"I hope to get more invites from strong closed Round Robin events this year"

Sagar Shah (SS): How does it feel to win your first event of 2020?

D Gukesh (DG): I am happy and relieved that I won this tournament!

The closing ceremony with the winner Gukesh flanked by GM Zeng Chongsheng (second) and IM Siva Mahadevan (left, who finished third). | Photo: Rajinikanth

SS: Being the second seed, was the tournament easy for you or was it tough?

DG: The pressure was always there as I was expected to win most of my games but apart from a couple of games, I was able to control my play the way I wanted.

 

SS: You were the second seed, the prize fund was also not very high. Why did you decide to play this event?

DG: I had already accepted to play for my club at the Cannes Open and just wanted to tag one more event since I was already in Europe. Hillerød open suited the schedule .

 

SS: How was the organization and conditions offered by the organizers?

DG: Mr. Carsten Pedersen was an extremely friendly organiser who was very supportive from the start and gave good conditions to me and my dad. He took care of us very well during our stay. We just loved the stay provided as it was a nature resort, close to the forest and had a huge kitchen to cook our own food. We also had amenities like Table Tennis and Fusball which was helpful to relax.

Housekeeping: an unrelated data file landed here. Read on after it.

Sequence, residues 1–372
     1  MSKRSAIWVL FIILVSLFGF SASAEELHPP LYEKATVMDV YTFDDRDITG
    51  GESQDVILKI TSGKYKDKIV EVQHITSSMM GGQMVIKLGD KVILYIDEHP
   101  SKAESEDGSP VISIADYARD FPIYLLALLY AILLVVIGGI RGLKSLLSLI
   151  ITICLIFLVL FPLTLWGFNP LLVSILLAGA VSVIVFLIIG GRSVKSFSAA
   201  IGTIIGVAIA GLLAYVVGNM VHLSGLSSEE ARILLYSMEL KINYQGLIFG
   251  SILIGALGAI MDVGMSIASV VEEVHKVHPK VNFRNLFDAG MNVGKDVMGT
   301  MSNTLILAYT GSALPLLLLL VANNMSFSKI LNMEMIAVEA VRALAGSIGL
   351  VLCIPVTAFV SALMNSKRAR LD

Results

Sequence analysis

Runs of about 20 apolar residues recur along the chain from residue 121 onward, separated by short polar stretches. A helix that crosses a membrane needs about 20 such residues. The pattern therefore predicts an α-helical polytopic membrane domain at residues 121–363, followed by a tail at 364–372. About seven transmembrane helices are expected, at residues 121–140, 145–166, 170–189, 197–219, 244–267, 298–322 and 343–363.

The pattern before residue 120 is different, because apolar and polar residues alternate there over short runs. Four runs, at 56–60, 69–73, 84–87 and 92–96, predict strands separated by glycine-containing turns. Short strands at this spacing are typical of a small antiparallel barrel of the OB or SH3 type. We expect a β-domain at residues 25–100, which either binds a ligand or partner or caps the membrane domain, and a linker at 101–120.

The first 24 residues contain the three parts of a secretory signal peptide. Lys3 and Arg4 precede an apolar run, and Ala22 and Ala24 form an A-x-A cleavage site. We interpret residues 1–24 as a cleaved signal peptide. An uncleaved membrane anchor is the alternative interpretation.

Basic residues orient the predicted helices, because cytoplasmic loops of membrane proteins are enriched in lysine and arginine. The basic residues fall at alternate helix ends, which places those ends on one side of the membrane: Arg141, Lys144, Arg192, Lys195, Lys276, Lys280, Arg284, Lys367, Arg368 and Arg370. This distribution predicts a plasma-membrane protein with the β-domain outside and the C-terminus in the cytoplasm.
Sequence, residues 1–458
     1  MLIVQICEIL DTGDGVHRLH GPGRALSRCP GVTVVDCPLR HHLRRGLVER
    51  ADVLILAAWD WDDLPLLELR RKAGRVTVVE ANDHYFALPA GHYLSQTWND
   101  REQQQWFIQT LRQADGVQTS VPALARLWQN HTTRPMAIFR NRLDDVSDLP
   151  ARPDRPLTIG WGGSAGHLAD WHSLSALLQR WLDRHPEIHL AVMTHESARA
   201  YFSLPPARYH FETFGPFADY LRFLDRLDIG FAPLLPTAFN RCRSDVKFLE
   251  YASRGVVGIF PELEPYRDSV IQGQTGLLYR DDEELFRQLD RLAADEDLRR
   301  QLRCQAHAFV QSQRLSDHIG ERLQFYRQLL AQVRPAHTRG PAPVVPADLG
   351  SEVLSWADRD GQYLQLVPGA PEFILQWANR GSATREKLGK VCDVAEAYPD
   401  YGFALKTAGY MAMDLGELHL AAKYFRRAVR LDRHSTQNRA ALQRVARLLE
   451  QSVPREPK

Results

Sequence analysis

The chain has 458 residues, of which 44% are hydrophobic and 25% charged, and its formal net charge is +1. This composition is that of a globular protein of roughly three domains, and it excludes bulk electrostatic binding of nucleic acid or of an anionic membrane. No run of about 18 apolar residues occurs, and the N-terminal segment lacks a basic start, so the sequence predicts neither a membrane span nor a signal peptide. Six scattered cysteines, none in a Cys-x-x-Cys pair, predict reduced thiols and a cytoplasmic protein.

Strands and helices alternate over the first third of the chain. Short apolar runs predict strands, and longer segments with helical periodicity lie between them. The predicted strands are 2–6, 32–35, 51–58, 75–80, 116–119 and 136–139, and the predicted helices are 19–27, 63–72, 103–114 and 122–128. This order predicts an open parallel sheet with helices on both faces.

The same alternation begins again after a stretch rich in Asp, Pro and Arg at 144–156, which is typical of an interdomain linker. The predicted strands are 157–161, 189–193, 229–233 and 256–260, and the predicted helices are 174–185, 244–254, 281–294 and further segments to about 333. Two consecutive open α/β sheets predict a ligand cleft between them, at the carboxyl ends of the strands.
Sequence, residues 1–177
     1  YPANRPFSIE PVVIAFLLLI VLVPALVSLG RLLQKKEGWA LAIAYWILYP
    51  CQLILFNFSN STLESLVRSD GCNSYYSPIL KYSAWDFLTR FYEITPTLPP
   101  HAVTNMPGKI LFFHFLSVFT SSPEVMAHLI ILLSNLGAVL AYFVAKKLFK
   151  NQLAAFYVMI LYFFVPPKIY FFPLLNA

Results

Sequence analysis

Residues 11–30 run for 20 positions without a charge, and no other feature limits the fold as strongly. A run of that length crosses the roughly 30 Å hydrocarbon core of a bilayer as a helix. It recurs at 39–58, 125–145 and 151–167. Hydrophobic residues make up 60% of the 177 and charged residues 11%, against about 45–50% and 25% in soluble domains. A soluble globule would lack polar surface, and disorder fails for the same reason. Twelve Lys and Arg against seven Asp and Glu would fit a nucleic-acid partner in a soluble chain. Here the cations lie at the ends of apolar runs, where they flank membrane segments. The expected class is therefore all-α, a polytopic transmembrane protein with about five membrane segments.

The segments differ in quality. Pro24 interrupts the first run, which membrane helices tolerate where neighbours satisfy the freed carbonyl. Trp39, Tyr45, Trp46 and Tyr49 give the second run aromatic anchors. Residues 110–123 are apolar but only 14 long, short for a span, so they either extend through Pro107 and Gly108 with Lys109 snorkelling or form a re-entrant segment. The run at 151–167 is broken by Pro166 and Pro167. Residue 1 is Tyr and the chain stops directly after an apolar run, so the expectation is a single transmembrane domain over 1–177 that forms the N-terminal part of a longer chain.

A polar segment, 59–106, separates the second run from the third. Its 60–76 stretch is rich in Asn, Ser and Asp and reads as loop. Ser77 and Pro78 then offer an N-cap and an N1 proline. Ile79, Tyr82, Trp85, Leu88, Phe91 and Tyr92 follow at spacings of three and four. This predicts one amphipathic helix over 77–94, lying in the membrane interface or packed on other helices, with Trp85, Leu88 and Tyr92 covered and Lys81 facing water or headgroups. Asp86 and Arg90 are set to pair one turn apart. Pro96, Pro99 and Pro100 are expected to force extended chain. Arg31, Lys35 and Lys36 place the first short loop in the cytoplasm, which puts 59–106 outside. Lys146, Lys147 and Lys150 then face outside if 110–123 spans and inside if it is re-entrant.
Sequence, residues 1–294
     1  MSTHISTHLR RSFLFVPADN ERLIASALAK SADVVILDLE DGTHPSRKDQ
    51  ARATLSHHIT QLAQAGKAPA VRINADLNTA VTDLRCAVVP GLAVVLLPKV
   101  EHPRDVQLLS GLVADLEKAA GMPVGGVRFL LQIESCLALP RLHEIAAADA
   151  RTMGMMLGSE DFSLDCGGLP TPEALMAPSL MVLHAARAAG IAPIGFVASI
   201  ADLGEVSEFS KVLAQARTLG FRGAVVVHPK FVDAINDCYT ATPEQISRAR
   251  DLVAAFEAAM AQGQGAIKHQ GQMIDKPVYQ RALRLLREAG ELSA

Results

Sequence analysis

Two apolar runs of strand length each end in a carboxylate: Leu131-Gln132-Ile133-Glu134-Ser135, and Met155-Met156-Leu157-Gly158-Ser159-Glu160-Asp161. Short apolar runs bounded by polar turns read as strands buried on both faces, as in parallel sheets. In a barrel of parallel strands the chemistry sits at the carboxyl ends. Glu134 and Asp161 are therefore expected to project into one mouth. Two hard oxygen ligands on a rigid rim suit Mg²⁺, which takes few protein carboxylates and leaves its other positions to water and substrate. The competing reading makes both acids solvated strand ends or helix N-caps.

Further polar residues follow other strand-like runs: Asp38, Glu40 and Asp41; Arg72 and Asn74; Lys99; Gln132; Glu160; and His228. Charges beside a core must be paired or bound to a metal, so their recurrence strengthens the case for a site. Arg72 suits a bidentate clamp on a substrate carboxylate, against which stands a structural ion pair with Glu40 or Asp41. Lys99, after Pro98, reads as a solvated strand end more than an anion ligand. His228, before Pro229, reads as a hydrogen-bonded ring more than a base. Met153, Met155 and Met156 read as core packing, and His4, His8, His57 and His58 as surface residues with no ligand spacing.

SS: Which was your favourite game from the event?

DG: I like my 3rd and 4th round games against IM Siva Mahadevan and Jacob Mikkelsen Minosri.

 

D. Gukesh vs Siva Mahadevan

The position is quite unconventional (look at the rook on g1!) But Gukesh found a very nice way to win material. Can you find it? White to play and win.

SS: Tell us a bit about your seventh round game where you were completely lost and your opponent missed a mate in one! How did it feel?

In this position Gukesh's opponent could have easily sealed the deal with ...Rb7 or Qxg3. But instead he played ...Rxd3 and got mate in one move with Qg7!

DG: It was pretty disappointing game from me right from the start and my opponent was executing his moves perfectly. I was almost about to resign but just continued with some blind hope and suddenly he blundered into mate in one from a completely winning position. Though it was just huge relief, it wasn't comfortable. I was also surprised by the way in which my opponent handled the situation. He burst into loud laughter as soon as I delivered the checkmate and was cheerful. He even discussed about the game in a friendly way on the next day! Huge respect for him!